-- West Mostar police officers fired their weapons at the crowd as it was retreating, killing one and injuring 20; -- Uniformed and plain-clothes members of the West Mostar police physically assaulted members of the Bosniac procession; -- West Mostar police used excessive force, including unjustified lethal force, against the marchers; -- The West Mostar police, and its leadership, are responsible for the confrontation with the Bosniac marchers, which resulted in violence; -- West Mostar police officials attempted to cover up actions of their officers and created confusion among the public as to what actually occurred; -- The West Mostar police had been informed in advance of the Bosniac march to the cemetery; -- The general character of the procession was peaceful, even after the West Mostar police attempted to stop the cemetery visit; -- There was no contact or confrontation between the Bosniac marchers and Croats attending a nearby carnival; -- There is no evidence that members of the Bosniac procession carried weapons, or that they acted aggressively before the West Mostar police fired upon them; -- An IPTF monitor at the scene made a gesture that was interpreted as encouragement for the Bosniac procession to move forward; -- The West Mostar police attempted to cover up the facts concerning the events of 10 February, with support from the highest levels of the force; -- There were numerous attacks on civilians, both Bosnian Croat and Bosniac, in the aftermath of the event at the cemetery; and -- Police took little action to arrest the perpetrators or to protect innocent persons who were attacked. A letter dated 7 March from the Secretary-General addressed to the President of the Security Council (document S/1997/201) transmits a letter from the Principal Deputy High Representative for the Implementation of the Peace Agreement on Bosnia and Herzegovina addressed to him conveying a series of documents with regard to the situation in Mostar.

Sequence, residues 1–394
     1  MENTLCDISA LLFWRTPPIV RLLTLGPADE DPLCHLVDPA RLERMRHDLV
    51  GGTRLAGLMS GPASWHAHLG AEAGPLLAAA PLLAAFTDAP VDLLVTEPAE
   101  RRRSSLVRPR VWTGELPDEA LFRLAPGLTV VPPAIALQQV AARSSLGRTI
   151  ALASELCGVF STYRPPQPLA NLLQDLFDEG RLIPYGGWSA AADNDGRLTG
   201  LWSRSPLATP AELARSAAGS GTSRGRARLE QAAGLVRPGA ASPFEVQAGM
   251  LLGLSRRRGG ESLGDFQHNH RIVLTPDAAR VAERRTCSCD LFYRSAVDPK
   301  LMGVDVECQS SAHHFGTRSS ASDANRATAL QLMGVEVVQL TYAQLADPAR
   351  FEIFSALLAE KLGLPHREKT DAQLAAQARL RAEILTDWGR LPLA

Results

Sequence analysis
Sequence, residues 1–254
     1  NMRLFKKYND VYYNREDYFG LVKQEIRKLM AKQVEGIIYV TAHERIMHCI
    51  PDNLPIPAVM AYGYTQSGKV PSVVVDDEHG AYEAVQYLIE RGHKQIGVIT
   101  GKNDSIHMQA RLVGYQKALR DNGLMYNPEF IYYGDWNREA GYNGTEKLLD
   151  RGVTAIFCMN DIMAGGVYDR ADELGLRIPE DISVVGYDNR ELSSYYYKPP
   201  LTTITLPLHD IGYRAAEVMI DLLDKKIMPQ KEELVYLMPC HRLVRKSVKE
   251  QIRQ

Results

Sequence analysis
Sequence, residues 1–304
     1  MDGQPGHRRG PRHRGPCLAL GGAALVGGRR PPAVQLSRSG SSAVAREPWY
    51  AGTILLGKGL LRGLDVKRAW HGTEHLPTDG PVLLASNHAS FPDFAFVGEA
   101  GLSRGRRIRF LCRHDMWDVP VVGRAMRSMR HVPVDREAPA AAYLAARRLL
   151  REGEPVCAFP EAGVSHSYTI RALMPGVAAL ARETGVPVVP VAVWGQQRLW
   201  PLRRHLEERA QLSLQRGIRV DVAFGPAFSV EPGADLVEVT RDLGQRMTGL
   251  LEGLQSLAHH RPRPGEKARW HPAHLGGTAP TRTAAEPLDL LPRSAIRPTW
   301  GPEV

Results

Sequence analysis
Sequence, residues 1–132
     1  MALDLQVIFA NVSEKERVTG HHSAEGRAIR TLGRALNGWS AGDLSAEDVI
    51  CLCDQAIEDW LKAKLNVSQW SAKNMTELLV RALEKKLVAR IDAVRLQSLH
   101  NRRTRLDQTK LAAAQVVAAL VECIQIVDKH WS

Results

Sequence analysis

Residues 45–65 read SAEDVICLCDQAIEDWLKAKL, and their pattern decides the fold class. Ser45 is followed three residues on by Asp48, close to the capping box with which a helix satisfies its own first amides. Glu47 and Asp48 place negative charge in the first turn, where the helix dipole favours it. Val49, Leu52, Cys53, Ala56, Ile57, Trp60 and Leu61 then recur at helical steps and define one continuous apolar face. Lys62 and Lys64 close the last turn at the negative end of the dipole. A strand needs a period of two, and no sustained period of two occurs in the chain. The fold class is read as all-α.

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Appendix I to the letter of the Principal Deputy High Representative is titled "decisions on Mostar of 12 February 1997". It conveys the conclusions of a 12 February meeting held in Sarajevo to address recent events in Mostar in which the following took part: President Izetbegovic, President Zubak, Co- Chairman Silajdzic, Vice-Chairman Tomic, Foreign Minister Prlic, Croation Democratic Union of Bosnia and Herzegovina (HDZ), President Rajic, Democratic Action Party (SDA) Vice President and Prime Minister Bicakcic, Mostar Mayor Prskalo and Deputy Mayor Orucevic.